September 25, 2020
Meetings play an essential role in any successful business, whether they’re virtual or in-person. In fact, now that my team is working from home, our meetings have become more important than ever! In addition to providing an opportunity to discuss our work, they help us keep in touch and maintain our positive, supportive culture as a team.
Of course, a meeting is only as useful as you make it. A lot of leaders schedule an hour-long meeting and feel like they need to fill the entire time. But remember, you’re not holding a meeting to fill time; you’re holding a meeting to accomplish a task. Over the years, I’ve learned that ending meetings early is one of the best ways you can improve the quality of your meetings overall. Here’s why!
There are a lot of benefits to ending meetings early. First and foremost, it gives time back to your team! If you tie your employees up in meetings for hours on end, they’re not going to have the time they need to work effectively. That puts a lot of undue stress on them. But by ending your meetings early, you’ll give time back to your employees and allow them to focus on their most important tasks.
Long meetings are often a sign of a leadership team that is stuck in a cycle of micromanagement. You dictate every detail of a task for your team, and they become dependent on your input. Rather than feeling emboldened to do their work and come up with creative, innovative solutions, they wait for you to tell them exactly what to do. This stagnates the growth and development of your entire team. Instead, give them the project and the overall direction, and then trust your team to do their jobs. Your meetings will be shorter, and your team will be able to perform at their best.
When you keep your meetings short and sweet, you also encourage everyone to stay focused and engaged rather than goofing around. That’s not to say there’s no room for fun conversations. My team loves to joke around, which helps create a culture of positivity and friendship that allows everyone to thrive. But there’s a big difference between spending a few minutes making casual conversation and letting your entire meeting get off track. When your meeting is going off the rails, politely redirect your team’s attention back to the task at hand. You’ll get a lot more done, and you’ll save time doing it.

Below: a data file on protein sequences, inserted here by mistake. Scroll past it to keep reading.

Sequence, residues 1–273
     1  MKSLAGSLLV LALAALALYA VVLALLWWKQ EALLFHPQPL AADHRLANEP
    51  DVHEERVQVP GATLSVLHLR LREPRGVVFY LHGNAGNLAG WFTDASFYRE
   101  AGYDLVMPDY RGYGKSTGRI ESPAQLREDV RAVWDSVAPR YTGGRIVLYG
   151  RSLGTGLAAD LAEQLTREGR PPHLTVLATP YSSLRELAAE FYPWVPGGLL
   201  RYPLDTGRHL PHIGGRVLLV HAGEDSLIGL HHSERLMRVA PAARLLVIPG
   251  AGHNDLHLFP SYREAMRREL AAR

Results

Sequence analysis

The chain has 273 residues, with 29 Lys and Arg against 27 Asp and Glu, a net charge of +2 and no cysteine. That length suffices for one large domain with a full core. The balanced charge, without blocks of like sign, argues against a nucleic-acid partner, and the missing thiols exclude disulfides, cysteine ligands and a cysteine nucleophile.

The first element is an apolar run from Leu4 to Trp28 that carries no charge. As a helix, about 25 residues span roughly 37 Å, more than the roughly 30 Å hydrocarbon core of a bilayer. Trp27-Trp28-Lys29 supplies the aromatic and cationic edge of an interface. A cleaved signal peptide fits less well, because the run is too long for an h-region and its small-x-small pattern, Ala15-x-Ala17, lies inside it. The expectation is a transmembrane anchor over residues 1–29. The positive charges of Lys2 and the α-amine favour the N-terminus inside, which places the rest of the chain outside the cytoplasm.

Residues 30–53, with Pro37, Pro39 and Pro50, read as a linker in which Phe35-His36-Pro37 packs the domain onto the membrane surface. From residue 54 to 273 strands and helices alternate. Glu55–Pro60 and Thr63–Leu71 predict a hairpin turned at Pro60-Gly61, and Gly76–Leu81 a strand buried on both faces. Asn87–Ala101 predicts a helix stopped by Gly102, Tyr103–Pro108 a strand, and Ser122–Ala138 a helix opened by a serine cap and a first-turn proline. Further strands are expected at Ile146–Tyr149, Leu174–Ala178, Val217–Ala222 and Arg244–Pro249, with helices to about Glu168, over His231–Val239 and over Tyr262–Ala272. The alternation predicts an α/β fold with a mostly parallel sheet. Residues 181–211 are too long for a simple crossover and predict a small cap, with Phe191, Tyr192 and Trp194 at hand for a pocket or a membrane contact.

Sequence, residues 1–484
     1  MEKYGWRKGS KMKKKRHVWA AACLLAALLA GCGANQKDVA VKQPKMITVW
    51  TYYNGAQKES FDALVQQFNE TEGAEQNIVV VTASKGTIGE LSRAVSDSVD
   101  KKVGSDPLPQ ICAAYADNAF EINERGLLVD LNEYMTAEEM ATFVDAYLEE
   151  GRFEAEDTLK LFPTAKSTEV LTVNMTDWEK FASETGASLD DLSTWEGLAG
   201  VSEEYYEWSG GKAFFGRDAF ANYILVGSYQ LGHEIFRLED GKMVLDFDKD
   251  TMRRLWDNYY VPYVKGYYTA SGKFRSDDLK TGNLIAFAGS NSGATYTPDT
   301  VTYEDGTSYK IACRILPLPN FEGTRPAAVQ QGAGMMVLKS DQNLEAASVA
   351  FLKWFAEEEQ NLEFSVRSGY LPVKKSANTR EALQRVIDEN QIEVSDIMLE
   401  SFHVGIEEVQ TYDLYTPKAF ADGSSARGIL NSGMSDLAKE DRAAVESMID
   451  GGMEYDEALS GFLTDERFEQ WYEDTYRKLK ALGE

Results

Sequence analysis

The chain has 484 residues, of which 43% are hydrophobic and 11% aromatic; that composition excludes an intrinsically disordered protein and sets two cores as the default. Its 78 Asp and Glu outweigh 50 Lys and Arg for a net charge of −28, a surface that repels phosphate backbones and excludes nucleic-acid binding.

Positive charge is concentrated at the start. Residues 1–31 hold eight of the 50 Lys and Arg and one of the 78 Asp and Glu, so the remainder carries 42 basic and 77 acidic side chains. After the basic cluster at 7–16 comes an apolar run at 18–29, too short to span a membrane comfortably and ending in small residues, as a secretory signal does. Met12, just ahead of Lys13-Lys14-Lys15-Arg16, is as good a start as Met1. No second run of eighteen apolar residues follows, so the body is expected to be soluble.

As a leader, it’s your job to set the example and show your employees what’s expected of them. That’s why it’s important to be punctual! Nothing is more frustrating than showing up to a meeting on time, only to have the person in charge roll in ten minutes late. Show your employees that you respect their time by being on time or early to your meetings. They’ll be encouraged to do the same. And best of all, you won’t just be respecting your employees’ time; you’ll be respecting your own.
Distractions are one of the biggest time-wasters not just in meetings, but in the workplace as a whole. This is another chance for you to set a good example! At the beginning of each meeting, remind your team to put their phones on silent, and make it a point to do the same. If you’re accustomed to keeping your phone in front of you at all times, place it on silent and avoid looking at non-urgent emails. If it’s not an emergency, it can wait until after the meeting!
My next post will have some tips to end your meetings early, so be sure to keep an eye out for it. In the meantime, take a second and let me know your thoughts on ending meetings early in the comments. I can’t wait to see what you think!